I hope you enjoy Starting from Scratch, my second book, published each week online, one chapter at a time. Before the book’s final publication, I hope to sprinkle readers’ thoughts, opinions and advice throughout. After all, you each have helpful systems and solutions in the kitchen worth sharing. By making a contribution, your comments will be printed, crediting you and/or your blog, and you’ll get free copies of the book. In addition, for each section, I’m consulting an expert blogger – for this excerpt, it’s Shaina Olmanson, home cook and author of Food For My Family.

Adding cream to cake

If you involve your child in the cooking process, it’s great to have an extra set of eyes, or in my case a second brain, to help measure and keep count. Whether you are tracking progress in the kitchen on your own or relying on the assistance of a little sous chef, precision and accuracy matter in some instances more than others.

My experience has taught me an important cooking rule of thumb:

If you are cooking a main dish, measurement is more forgiving.

Most main and side dishes can weather a few storms of creativity without detrimental outcomes. Sometimes, less or more of something might actually improve the flavor of whatever it is you happen to be preparing. That said, if you are learning, it does not hurt to measure ingredients with care, even leveling off spices and crumbs with a knife if necessary. After all, when you get more comfortable with increments and measurements and ingredients, like Rob and baby formula, you’ll lighten up with confidence.

However, if you are preparing breads or desserts from scratch:

You have to be a bit more precise when it comes to baking.

Baking desserts and breads tends to be less forgiving than herb encrusted fish or spaghetti sauce. If a recipe for cookies calls for 1 ½ cups of flour, omitting a ¼ cup here and or ½ cup there could have disastrous implications. Not to mention, when you are baking something like bread, you have the added challenge of a laborious kneading process. If you’ve measured improperly, you’ll probably have a sticky mess on your hands, literally!

If at first you don’t succeed…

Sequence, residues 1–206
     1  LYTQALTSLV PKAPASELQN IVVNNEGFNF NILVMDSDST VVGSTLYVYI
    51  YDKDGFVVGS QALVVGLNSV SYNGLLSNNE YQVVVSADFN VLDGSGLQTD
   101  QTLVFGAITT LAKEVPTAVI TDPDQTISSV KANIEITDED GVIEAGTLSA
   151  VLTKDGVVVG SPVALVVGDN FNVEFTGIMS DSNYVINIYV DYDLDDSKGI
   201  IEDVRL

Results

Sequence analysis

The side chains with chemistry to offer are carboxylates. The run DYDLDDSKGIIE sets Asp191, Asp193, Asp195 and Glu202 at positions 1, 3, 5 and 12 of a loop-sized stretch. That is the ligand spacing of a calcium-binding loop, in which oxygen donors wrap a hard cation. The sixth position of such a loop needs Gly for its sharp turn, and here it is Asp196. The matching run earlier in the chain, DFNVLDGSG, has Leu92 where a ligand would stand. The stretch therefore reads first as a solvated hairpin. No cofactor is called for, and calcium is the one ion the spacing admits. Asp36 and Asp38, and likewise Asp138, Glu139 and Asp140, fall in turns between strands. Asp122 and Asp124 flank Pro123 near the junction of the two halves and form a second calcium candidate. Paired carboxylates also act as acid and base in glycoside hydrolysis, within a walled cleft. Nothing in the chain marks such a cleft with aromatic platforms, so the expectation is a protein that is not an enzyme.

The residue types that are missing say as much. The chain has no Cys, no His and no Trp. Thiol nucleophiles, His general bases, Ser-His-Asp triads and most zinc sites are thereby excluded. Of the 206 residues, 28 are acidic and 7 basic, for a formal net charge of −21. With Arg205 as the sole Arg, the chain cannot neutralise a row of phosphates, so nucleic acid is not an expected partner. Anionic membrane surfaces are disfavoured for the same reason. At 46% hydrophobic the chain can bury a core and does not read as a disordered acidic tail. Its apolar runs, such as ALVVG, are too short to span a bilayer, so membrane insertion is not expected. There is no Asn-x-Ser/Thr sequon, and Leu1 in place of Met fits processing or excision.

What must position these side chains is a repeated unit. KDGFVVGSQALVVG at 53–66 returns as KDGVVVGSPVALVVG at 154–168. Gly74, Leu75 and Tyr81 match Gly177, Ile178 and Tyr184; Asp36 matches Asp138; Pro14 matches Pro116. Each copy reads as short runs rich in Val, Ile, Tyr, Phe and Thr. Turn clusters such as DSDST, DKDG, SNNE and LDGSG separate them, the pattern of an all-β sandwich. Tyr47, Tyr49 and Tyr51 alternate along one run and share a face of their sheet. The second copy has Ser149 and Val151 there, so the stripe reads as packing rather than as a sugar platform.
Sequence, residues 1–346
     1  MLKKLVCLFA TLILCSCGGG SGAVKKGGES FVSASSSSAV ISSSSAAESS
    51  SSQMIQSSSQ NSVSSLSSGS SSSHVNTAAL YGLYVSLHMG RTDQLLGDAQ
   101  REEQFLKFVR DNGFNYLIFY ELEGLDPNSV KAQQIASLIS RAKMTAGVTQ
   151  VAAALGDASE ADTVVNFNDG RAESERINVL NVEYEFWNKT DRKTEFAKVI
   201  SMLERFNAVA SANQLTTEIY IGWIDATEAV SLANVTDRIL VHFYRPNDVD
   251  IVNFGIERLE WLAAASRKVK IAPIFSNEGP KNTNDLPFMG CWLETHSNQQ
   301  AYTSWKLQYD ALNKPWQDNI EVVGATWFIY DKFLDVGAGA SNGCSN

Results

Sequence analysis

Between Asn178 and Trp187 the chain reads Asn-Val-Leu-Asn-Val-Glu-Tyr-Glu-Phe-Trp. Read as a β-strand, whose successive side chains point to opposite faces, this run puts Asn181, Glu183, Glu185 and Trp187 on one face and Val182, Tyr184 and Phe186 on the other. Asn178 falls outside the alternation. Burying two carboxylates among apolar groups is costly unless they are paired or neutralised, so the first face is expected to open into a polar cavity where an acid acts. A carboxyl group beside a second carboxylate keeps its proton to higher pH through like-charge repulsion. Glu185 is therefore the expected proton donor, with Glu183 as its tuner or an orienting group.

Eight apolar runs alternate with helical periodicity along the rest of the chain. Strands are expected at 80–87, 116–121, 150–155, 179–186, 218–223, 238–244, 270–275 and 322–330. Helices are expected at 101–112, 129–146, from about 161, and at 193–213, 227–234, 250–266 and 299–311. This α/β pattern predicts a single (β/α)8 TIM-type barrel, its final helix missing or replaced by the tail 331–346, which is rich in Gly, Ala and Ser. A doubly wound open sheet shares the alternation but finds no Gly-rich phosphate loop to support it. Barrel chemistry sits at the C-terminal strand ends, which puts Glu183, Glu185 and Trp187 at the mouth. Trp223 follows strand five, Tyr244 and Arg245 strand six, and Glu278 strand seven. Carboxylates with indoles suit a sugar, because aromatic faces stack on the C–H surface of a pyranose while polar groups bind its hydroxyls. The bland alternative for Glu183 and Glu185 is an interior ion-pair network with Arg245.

When Luke turned one, I decided to bake my grandmother’s time-tested chocolate cake. It was my very favorite food in the world when I was a child, so I wanted to pass along the tradition to my little one. How hard could it be?

The cake turned out alright, despite a few bits stuck to the pan upon removal. The icing, on the other hand, was a complete disaster. I’m not sure if I measured the ingredients incorrectly, didn’t cook it long enough or left something out altogether, but the darn stuff would not thicken. It was chocolate icing soup, even after I added a half a box of confectioner’s sugar not included in the recipe.

After icing the cake, the top layer consequently slid off the bottom layer. Let’s suffice to say we have some humorous Year One birthday pictures. At least it tasted good!

…try again!

Shaina shares the moral to the story with a grandmother story of her own. “With baking, you have to try and try again.  I can’t tell you how many times I tried my grandma’s famous kugelhopf recipe, a cake baked in an extravagant Bundt pan, only to have it stick to the top time and time again.  However, I didn’t give up.  When my grandma was no longer around to teach me the tricks, I only had her notes to go by.  After several attempts, I finally figured out the right process, the consistency of whipped egg whites, the tricks to getting the raisins to float in the cake rather than sink and everything else.  I had a winner.

Baking takes patience and precision, and be prepared to give it some time to get comfortable whipping up a cake or throwing together a tart.”

About Shaina Olmanson

Shaina Olmanson is a freelance writer and photographer and also the home cook behind Food for My Family and the food channel editor at Lifetime Moms.  She fell in love with the art of cooking while spending countless hours hanging on her grandmother’s apron strings, and as a native Minnesotan, growing up surrounded by farms served as a daily reminder of the importance of local and seasonal food.  Raising her four young children with her husband, she strives to teach them the importance of growing, preparing and eating and enjoying real food.

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